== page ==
In spite of the therapeutic cooling properties of the seas, the seas cannot single-handedly hold off the massive impacts of man-induced climate change. One such effect is the rising sea levels, which create detrimental consequences for marine life and, connectedly, human beings. Thermal expansion of sea water and rapidly melting inland glaciers and continental ice sheets have been causing sea levels to rise at an accelerating rate over the past century. The most extreme warming takes place in the Antarctic Ocean, where some of the largest continental ice sheets are. The melt of Antarctic ice sheets contribute greatly to the rising sea levels.

Dr. James Hansen, the head of NASA’s Goddard Institute, predicts a sea level rise of 15 feet by the year 2100. A sea level rise of even three feet would bring about 100,000,000 climate refugees and would endanger London, Bangkok, Venice, New York, and Shanghai. Considering the fact that more than half the world’s population lives within 37 miles of a shoreline, this puts much of the global population at risk.

Land inundation is already happening. Saline-rich seawater has already flowed 35 miles up the Mekong’s riverbanks in Vietnam’s rice-growing region and is threatening 100,000 hectares of rice. 190 feet of coastline vanish each year in Rasheed, Egypt due to the encroachment of the sea. Bangladesh, often called the “ground zero of climate change”, already produces millions of climate refugees every year as the low-lying country is submerged. Sea level rise threatens 40 island nations with inundation, including the Maldives, Kiribati, and the Solomon Islands.

Rising sea temperatures are an inevitable byproduct of increasing levels of CO2 in the atmosphere. These warmer waters threaten the survival of coral reefs, some of Earth’s most productive and diverse ecosystems. Corals can only survive in specific water conditions and are very sensitive to react to changes in temperatures. A minimal rise or fall in water temperatures by 2-3ºC disrupts the symbiotic relationship between a coral and the algae living within its tissues. When the water temperature leaves the range suitable for coral and algae to survive in, the algae is expelled, which causes the coral to turn completely white. This phenomenon is referred to as bleaching.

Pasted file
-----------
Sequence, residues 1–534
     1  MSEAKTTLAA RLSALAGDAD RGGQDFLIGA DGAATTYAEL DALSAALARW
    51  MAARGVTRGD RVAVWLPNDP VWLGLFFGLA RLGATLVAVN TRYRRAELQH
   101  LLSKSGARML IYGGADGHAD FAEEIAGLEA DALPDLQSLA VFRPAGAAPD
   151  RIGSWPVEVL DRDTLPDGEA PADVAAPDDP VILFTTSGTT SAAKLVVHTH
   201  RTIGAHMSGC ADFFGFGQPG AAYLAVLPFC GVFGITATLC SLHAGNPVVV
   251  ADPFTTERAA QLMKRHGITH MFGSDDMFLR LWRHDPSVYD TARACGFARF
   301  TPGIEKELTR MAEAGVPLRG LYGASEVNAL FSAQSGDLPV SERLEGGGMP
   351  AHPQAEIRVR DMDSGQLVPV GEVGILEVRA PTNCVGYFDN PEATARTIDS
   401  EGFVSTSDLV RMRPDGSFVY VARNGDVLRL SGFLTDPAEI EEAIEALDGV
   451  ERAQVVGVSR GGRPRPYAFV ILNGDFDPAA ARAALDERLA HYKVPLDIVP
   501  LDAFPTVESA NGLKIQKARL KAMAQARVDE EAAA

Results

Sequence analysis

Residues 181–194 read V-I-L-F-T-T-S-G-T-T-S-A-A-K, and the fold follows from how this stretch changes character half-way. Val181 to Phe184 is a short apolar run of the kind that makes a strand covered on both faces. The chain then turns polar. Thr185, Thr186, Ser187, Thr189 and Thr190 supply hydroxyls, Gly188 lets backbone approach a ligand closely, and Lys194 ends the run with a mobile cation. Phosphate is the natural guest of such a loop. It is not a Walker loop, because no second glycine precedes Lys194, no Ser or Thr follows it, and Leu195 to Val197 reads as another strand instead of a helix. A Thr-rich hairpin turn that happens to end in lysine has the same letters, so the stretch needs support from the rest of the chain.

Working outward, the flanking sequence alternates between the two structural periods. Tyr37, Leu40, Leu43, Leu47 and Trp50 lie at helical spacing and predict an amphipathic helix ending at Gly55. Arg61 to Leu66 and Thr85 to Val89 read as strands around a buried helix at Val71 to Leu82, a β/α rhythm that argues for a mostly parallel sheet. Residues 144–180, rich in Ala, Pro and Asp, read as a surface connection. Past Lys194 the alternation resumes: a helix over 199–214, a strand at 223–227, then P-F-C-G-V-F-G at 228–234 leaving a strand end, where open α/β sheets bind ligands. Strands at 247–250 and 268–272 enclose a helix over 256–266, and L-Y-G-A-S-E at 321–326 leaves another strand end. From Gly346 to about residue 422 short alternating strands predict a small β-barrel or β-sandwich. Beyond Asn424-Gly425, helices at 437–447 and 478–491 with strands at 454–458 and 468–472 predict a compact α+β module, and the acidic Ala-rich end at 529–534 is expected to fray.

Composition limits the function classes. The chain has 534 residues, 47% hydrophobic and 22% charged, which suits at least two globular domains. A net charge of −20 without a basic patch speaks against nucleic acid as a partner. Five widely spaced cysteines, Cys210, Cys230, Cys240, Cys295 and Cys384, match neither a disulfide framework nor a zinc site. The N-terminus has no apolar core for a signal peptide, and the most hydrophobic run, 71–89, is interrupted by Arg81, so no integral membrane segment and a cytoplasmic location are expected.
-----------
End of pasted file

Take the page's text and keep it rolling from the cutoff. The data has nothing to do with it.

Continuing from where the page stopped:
Most corals can revive themselves after short-term periods of bleaching, but the bleaching process limits their growth, makes them more vulnerable to the elements, and may cause death. In 1998, 16% of the world’s coral reefs perished due to bleaching. Studies in Asia’s oceans show that levels of coral bleaching in 2010 are at the peak since 1998 levels.

Throughout evolution, corals have been able to adapt to environmental changes, but the rapidity and extremity of current changes present a challenge to the adaptability of coral reefs. It is likely that in the next 50 years, CO2 levels in the atmosphere will double. Some believe that even the most optimistic speculations of future CO2 concentrations spell out a disastrous future for coral reefs.

Ocean acidification, yet another problematic effect of climate change, presents a threat to coral reefs. Due increased levels of CO2 emitted into the atmosphere, the oceans are growing increasingly acidic. When CO2 reacts with water, carbonic acid is formed, lowering the pH level.

This causes the calcification of species such as corals, mollusks, and crustaceans; their shells dissolve and they are inhibited them from forming new calcium carbonate. Coral reefs are the nurseries of the seas, and can shelter 1,000 species per square meter. The death of coral reefs affects food security, shoreline protection, marine biodiversity, and tourism.

Research also shows that elevated levels of CO2, acidification, and progressively warm temperatures encourage the growth of turf algae. Turf algae hinders the reproduction and growth of kelp forests, which are one of the most productive and valuable ecosystems on Earth.